General Electric (NYSE:GE) remains one of my top picks among the large cap industrial focused sector. The stock has a lot going for it for investors, with its 3.3% dividend yield and double-digit dividend growth rate. In addition, General Electric's moves such as downsizing GE Capital and buying of France's Alstom (OTCPK:ALSMY) are largely underappreciated by the market, leading to its relative undervaluation compared to peers.
General Electric secures several major orders
Over the past few weeks General Electric has won several major orders for its industrial goods.
American Airlines engine order
On July 2, Reuters reported that American Airlines (NASDAQ:AAL) was close to completing an order for 200 CFM International engines. Do note that CFM International is a joint venture between General Electric and Safran (OTC:SAFRF).
These engines would be used to equip 100 Airbus A320neo jets that the company has on order. At a list price of $13 million each, these engines represent a potential order of $2.6 billion, the largest ever for the post merger American Airlines.
For General Electric, this order adds to its already massive order backlog at its Aviation division. As of the end of Q1 2014, the backlog stood at $126 billion, representing more than 50% of all the backlogs for the company.
Brazil wind-turbine order
On June 30, Bloomberg reported General Electric was close to selling wind turbines to Brazilian developer Casa dos Ventos in deal worth as much as 1.33 billion reais ($604 million).
In the two part deal, Casa dos Ventos was buying 230 megawatts of turbines for 805 million reais. This was necessitated due to a previous developer (Enercon GmbH) being unable to fulfill its contract, according to sources.
Within two weeks Casa dos Ventos will decide if it wants to buy a further 150 megawatts of turbines for 525 million reais. This part of the deal hinges on whether or not General Electric can guarantee delivery by 2015.
Due to laws requiring the use locally made parts to qualify for the cheap loans, manufacturers have struggled to meet demand. Brazil has a long-term target for wind power to account for 9.5% of its installed capacity by 2022.
These turbines would be manufactured at General Electric's Brazilian wind turbine factory. By the end of 2014, the company will have installed 900 turbines in Brazil, making it the number one supplier in the country with a 24% market share, according to Bloomberg New Energy Finance.
General Electric to build deep-water blowout preventers for Maersk
On June 24, Fuelfix reported that Danish rig contractor Maersk Drilling was turning to General Electric to build a new class of deep-water blowout preventers. Financial terms and other details were not discussed in the report. This project can be seen as another coup for General Electric oil and gas segment, which has seen growth jumpstart after its 2013 purchase of Lufkin.
Engineers at General Electric's oil and gas division will design, test and build the new BOPs and risers at its technology center in Houston. Described as "new generation", these preventers are designed to handle record reservoir pressures of up to 20,000 PSI and temperatures up to 350 degrees Fahrenheit.
As part of its "Project 20K", Maersk and BP (NYSE:BP) are jointly working together on a new class of drilling rigs and other offshore technology. The firms are focusing much more on safety, redesigning systems with an eye towards never repeating a disaster like the 2010 Macondo oil spill in the Gulf of Mexico.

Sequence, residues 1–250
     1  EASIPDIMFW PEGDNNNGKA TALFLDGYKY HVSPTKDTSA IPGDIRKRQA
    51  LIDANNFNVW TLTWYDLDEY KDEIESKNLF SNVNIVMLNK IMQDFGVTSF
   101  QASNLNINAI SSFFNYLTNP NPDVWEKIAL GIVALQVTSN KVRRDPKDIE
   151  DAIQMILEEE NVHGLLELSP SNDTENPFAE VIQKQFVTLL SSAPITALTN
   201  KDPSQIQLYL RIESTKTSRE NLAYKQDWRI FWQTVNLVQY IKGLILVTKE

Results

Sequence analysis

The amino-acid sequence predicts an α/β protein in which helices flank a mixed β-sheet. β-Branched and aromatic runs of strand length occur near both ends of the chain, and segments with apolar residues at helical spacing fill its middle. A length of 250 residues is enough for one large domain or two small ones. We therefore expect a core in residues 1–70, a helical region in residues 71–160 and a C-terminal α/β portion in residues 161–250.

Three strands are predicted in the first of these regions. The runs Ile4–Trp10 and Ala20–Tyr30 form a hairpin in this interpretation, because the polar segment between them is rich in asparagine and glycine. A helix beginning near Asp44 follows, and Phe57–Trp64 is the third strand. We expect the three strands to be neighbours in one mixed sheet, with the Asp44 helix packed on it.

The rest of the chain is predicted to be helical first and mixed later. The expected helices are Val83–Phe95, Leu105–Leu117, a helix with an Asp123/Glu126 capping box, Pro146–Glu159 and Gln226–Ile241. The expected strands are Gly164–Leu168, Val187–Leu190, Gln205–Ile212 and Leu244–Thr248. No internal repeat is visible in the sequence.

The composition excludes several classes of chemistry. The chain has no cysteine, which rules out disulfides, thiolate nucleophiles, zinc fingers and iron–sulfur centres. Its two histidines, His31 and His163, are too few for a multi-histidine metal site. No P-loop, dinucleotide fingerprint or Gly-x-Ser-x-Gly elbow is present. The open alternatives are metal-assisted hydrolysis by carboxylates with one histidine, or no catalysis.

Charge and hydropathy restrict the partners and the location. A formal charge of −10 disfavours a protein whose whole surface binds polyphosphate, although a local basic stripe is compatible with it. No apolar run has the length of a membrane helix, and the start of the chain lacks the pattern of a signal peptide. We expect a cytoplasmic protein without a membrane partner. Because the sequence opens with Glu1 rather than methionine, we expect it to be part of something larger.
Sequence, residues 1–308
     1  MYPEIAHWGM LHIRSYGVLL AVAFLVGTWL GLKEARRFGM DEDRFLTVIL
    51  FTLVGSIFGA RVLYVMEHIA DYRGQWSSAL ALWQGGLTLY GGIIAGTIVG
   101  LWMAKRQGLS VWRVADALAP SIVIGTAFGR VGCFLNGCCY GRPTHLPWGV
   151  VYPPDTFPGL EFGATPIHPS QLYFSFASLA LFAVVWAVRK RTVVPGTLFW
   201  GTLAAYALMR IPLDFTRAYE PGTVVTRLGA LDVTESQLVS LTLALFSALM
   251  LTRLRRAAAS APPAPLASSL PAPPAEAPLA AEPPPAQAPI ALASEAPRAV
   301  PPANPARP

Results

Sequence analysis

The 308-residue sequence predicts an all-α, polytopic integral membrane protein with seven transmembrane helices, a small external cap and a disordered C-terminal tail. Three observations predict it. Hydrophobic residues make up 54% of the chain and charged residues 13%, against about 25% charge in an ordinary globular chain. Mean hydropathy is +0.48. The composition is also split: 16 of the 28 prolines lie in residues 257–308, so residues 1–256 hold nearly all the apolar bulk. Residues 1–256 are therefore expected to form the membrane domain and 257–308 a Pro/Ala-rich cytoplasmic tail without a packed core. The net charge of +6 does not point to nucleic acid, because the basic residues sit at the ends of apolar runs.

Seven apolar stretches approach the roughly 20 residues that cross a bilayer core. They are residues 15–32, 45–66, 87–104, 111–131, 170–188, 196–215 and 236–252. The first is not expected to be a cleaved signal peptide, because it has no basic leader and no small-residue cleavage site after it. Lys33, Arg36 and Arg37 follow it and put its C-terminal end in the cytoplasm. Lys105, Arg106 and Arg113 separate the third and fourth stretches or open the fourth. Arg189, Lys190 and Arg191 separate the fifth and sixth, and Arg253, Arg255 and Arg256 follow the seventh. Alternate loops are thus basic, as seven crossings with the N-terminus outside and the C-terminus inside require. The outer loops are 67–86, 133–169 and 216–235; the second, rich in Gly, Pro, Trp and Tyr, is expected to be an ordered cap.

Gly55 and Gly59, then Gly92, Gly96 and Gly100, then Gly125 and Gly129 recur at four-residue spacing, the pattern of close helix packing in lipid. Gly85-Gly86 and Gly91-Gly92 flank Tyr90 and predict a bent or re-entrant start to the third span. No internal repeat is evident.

These orders reaffirm General Electric's industrial segment growth. In addition, they may also allow for future follow-up long-term service contracts, a high margin area which the company has been focusing recently.
General Electric's move to being mostly industrial focused is almost complete
General Electric is often still perceived as a "slow" growth company by the market. I think this perception is outdated. The simple fact is that six out of seven of General Electric's business segments posted double-digit "organic" earnings growth in the second half of 2013.
Where the market and I agree on is that General Electric needs to divest GE Capital ASAP. However, as I noted in a recent article, the company is moving fast towards completing this mission, selling off its Nordic segment and fast-tracking the Synchrony Financial IPO (NYSE:SYF).
General Electric's CEO Jeffrey Immelt has repeatedly stated that the company aims for its industrial segments to generate 60% of its total profits in 2014. By 2015, this figure should improve to about 70%.
Lastly, General Electric purchase of Alstom Energy assets is major move towards its goal of becoming predominantly industrial focused. These assets are a good fit as they complement the existing turbine business and add exposure to western Europe, an area where General Electric has been largely absent from.
General Electric may not be the sexiest stock out there. However, in terms of risk/reward, you are well compensated due the large dividend yield and future growth.
Furthermore, General Electric has an upside catalyst coming via the Synchrony Financial IPO. The paperwork has been already filed and analysts estimate an IPO for sometime in Q4 2014. Given the troubles seen in that unit, such as illegal credit card practices, its divestiture cannot come soon enough.
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Disclosure: The author is long GE. The author wrote this article themselves, and it expresses their own opinions. The author is not receiving compensation for it (other than from Seeking Alpha). The author has no business relationship with any company whose stock is mentioned in this article.
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